President Barack Obama said the full resources of the federal government are being mobilized to investigate the deadly explosions today in Boston and he vowed those responsible will be brought to justice.
“We still do not know who did this or why, and people shouldn’t jump to conclusions before we have all the facts,” Obama said at the White House. “Any responsible individuals, any responsible groups will feel the full weight of justice.”
He said security will be increased across the country “as necessary.”
While Obama didn’t use the word terrorism to describe the attack, an administration official, who wasn’t authorized to speak publicly, said the bombings are being investigated as an act of terror.
The president was notified of the incident today at about 3 p.m., 10 minutes after the twin blasts that killed two people and injured scores of others near the finish line of the Boston Marathon.
Obama also called Boston Mayor Tom Menino and Massachusetts Governor Deval Patrick, and he directed federal agencies to help local authorities in the investigation.
“We don’t yet have all the answers,” Obama said. “As we get more information, our team will provide more briefings.”
Senator Dianne Feinstein, the head of the Intelligence Committee, said there were no warnings.
“There is no intelligence to the best of my knowledge that would point out there was an attack on the way,” Feinstein, a California Democrat, told reporters. There weren’t “any hallmarks” to the attack “other than the fact it could be homegrown,” she said.
She said her committee has been in touch with U.S. intelligence agencies since the bombing, and what while she considers it a terrorist strike, she couldn’t say whether it was foreign or domestic.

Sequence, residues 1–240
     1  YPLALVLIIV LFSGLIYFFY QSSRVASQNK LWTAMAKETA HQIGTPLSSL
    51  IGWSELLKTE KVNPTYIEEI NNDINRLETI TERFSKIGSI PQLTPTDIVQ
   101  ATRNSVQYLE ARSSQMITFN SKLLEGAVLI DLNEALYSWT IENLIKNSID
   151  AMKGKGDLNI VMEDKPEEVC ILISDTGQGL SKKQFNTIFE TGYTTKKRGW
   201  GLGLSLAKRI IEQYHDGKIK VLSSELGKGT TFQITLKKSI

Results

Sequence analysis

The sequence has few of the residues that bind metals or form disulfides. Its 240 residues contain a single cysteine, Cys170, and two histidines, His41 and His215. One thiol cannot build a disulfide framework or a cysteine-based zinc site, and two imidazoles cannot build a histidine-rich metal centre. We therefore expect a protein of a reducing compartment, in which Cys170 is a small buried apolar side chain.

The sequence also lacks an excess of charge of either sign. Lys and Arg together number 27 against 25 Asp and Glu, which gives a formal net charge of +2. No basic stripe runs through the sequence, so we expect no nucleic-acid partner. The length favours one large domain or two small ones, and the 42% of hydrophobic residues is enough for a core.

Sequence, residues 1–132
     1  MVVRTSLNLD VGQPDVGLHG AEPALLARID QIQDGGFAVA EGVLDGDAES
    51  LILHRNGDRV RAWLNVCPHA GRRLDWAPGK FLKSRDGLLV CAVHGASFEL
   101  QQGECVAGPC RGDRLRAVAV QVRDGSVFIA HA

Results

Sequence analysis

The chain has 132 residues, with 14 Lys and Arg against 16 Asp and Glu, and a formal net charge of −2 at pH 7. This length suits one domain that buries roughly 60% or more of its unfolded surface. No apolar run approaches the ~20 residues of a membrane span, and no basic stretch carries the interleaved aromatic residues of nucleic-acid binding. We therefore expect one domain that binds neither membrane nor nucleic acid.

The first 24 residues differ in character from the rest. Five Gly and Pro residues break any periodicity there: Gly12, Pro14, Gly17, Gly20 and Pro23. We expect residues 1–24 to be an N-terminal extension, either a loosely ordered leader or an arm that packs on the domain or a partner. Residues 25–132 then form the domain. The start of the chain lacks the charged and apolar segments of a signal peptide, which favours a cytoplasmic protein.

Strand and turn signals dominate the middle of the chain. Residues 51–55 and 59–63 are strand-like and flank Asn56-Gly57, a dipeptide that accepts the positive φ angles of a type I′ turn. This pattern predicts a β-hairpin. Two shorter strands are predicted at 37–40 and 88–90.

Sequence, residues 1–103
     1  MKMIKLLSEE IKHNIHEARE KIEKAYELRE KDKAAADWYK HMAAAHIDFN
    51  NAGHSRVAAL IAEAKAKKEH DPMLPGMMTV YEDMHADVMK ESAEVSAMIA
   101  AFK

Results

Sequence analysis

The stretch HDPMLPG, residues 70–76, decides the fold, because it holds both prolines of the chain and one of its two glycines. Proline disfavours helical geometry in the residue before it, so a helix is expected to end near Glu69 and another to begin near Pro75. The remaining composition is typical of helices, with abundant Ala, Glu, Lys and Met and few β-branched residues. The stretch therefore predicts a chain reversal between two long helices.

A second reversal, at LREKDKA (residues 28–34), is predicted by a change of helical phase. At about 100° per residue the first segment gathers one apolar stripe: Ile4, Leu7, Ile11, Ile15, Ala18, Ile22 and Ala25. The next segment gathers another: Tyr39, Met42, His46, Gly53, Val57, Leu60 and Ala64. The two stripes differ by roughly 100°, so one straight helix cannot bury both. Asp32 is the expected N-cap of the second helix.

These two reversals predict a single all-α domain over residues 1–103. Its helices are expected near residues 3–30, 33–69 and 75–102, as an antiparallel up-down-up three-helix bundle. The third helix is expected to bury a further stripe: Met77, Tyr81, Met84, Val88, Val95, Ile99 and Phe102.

Terrorism is defined in the Code of Federal Regulations as “the unlawful use of force and violence against persons or property to intimidate or coerce a government, the civilian population, or any segment thereof, in furtherance of political or social objectives.”
House Intelligence Chairman Mike Rogers declined to say what information intelligence agencies have given him about the Boston bombings, including whether the attacks were coordinated.
Rogers, a Michigan Republican, said the push for details in the first 12 hours following an attack, “especially like this one,” leads to inaccuracies being spread, “so we’re all keeping our powder dry until we know all the facts.”
Feinstein said the Boston Marathon was a “diabolical” place to strike.
“We’ve known for sometime that a public event where there were a lot of people would be subject to this possibility,” she said.
Vice President Joe Biden was in the middle of a conference call on gun violence when he learned of the incident.
“As I’m speaking here they just turned on the TV in my office,” Biden said. “I don’t know any of the details of what caused it, who did it, but our prayers are with the people in Boston who have suffered injury.”
Outside the White House, police restricted pedestrian traffic on the sidewalk and street immediately along the fence surrounding the executive mansion. The street was closed to vehicles following the 1995 bombing of a federal building in Oklahoma City. Tourists continued to stroll through Lafayette Park directly across Pennsylvania Avenue from the White House.
“Out of an abundance of caution, we have expanded our security perimeter at the White House complex,” said Edwin Donovan, deputy assistant director at the Secret Service.
In the U.S. House and Senate, lawmakers observed a moment of silence for the victims. Obama said he has kept congressional leaders of both parties updated.
“We reaffirmed that on days like this there are no Republicans or Democrats -- we are Americans, united in concern for our fellow citizens,” Obama said.
The FBI will brief members of Congress on the Boston bombing tomorrow, said Representative Jim Himes, a Connecticut Democrat who sits on the House Intelligence Committee. The 11 a.m. meeting with the intelligence panel will be entirely devoted to the Boston attacks, Himes said.
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